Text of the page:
When Unemployed Business Economists Call
Casson, John J., Business Economics
Unemployed business economists Often call on fellow economists for assistance in obtaining a new position. The author offers several points to keep in mind when responding to such calls. He then suggests appropriate steps to take in order to be of assistance. Helping someone is a rewarding experience, and remember that the individual you help may reciprocate at some future time.
BUSINESS ECONOMISTS are receiving an increasing number of phone calls from their unemployed colleagues. One reason for this development is that the market for business economists has become extremely tight. Many positions have been eliminated and hiring has been curtailed in an attempt to contain corporate overhead costs. Anecdotal evidence suggests that a greater number of unemployed business economists are applying for a smaller number of positions than ever before.
The increasing popularity of "networking" is another reason why a growing number of unemployed business economists are turning to the telephone in search of employment. Networking can be defined as communicating with anyone who might provide assistance, or know of others who could possibly help, in an employment search. Outplacement firms, career counselors and job hunting guides argue that it is the most effective method of obtaining a new position. Unfortunately, many of these calls are unproductive, not because business economists are uncaring but because they do not realize how well-positioned they are to assist others in obtaining work.
As difficult as it is to request assistance in finding a job, those initiating usually are more at ease than those receiving networking calls. This difference is understandable, for the callers are able to utilize instructions provided by job hunting manuals and outplacement services and usually have considerable experience in initiating such contacts. Uncertain how to respond, many recipients find such calls frustrating ordeals to be avoided or quickly terminated. This attitude is unfortunate as well as unnecessary. It doesn't take much of an effort for employed business economists to increase their effectiveness and, as a consequence, their ease in assisting the unemployed.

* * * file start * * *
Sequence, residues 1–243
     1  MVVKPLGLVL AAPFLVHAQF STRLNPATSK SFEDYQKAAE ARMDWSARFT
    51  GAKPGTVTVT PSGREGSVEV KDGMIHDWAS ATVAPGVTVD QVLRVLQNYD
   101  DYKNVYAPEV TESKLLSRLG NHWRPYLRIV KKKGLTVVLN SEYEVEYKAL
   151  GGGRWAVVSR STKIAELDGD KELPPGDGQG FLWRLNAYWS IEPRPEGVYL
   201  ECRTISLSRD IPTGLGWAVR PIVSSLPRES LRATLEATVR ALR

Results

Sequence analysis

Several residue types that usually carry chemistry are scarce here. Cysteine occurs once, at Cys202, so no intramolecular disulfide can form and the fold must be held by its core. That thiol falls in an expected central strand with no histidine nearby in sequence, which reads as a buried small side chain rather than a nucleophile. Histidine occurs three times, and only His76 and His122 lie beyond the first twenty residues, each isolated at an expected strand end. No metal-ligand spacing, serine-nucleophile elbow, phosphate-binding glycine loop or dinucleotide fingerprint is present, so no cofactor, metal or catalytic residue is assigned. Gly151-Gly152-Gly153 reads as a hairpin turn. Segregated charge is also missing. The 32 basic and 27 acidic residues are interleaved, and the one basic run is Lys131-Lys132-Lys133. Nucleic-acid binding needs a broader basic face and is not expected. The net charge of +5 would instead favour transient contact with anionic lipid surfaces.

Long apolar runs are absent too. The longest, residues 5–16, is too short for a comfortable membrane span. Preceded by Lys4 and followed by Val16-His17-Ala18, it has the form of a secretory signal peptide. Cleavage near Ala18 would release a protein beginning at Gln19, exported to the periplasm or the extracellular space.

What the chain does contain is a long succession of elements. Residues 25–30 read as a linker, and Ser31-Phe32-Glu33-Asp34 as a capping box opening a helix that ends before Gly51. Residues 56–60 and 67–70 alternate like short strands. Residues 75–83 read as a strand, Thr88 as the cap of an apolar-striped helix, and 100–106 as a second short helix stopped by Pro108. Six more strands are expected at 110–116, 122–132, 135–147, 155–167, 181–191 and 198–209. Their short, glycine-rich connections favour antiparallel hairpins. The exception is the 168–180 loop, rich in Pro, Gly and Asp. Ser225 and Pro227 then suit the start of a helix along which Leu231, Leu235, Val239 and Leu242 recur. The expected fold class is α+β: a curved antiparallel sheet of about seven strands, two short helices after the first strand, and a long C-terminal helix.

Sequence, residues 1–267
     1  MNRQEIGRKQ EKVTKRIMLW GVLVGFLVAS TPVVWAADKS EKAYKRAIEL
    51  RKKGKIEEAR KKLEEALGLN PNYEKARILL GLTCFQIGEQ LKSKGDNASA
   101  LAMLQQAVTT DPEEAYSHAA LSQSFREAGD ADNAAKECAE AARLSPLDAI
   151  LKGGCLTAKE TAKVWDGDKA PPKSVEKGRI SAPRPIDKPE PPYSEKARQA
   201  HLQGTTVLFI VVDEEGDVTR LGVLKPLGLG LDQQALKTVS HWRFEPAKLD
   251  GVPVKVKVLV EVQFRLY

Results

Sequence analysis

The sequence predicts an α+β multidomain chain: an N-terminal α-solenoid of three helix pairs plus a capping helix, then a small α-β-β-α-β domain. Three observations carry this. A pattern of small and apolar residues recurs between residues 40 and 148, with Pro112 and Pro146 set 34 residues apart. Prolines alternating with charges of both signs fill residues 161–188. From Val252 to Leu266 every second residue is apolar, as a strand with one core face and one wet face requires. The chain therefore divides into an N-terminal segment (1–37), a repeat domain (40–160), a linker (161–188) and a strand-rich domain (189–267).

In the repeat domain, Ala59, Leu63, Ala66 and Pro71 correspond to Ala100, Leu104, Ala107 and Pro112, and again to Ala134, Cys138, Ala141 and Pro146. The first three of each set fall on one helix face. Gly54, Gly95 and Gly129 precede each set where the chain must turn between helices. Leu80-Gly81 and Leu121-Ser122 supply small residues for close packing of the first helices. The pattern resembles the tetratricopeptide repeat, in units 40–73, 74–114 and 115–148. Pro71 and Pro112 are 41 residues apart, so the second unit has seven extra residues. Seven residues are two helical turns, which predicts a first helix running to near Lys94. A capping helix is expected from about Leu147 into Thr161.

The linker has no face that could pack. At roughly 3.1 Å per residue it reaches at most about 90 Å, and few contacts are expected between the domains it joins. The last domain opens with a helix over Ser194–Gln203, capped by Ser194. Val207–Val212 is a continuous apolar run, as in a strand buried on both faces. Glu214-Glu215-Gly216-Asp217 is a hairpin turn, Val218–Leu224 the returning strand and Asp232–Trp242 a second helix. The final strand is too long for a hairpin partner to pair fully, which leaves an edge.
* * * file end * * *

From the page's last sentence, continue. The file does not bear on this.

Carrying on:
Anyone contacted by someone who is out of work should keep three points in mind. First and foremost is the fundamental purpose of such calls. Those phoning are not seeking an audience for a tale of woe. They are requesting assistance in solving a crucial problem. Because of the serious difficulties they are experiencing in obtaining work, they are turning to their professional colleagues for help in resuming their careers.
The second point to remember is that, without the help of others, the callers are likely to find it extremely difficult to obtain a new position, largely because of the widespread discrimination they encounter in the labor market. Although corporations have become more willing to discharge executives in recent years, their attitude towards those that are out of work has not changed. Preference is still given to the employed when management positions are being filled. Furthermore, many companies are reluctant to hire older individuals. Consequently, jobless executives - especially those with extensive experience - need all the assistance they can get.
The third point to keep in mind when contacted by the unemployed is that the majority lost their jobs through no fault of their own. Employment security, once taken for granted at most U.S. corporations, is on the decline. Most discharges are a consequence of impersonal corporate decisions. Many highly qualified business economists are out of work because of staff cutbacks that are part of corporate cost reduction drives. Company reorganizations, leadership changes, mergers, divestitures, and office relocations and closings are also swelling the ranks of the unemployed.
How should one respond to a call from a colleague who is out of work? …